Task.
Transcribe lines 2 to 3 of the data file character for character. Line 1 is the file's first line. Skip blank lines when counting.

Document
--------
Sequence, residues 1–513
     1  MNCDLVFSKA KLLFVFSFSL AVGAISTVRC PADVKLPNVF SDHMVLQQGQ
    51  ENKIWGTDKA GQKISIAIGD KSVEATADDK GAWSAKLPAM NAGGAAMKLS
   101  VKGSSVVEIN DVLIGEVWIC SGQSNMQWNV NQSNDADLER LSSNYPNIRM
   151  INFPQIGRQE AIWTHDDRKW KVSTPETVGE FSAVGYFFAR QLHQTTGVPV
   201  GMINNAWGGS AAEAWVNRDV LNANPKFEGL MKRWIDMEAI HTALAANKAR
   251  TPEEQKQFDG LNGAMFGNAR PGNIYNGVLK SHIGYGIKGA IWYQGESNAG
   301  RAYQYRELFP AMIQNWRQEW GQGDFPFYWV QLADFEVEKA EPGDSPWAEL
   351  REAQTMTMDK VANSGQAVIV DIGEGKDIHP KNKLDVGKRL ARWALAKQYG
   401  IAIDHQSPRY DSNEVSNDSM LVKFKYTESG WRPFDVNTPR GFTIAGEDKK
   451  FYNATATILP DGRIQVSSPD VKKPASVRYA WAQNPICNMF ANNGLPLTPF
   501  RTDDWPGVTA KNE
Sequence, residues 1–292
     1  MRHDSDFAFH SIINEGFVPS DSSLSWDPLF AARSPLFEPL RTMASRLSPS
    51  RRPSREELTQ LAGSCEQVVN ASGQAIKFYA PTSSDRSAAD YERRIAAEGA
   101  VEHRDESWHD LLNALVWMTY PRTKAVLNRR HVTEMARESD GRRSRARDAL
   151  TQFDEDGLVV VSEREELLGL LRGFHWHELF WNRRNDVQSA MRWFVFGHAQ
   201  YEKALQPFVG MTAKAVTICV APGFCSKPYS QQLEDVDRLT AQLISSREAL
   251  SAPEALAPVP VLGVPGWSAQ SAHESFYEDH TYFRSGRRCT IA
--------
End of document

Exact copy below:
     1  MNCDLVFSKA KLLFVFSFSL AVGAISTVRC PADVKLPNVF SDHMVLQQGQ
    51  ENKIWGTDKA GQKISIAIGD KSVEATADDK GAWSAKLPAM NAGGAAMKLS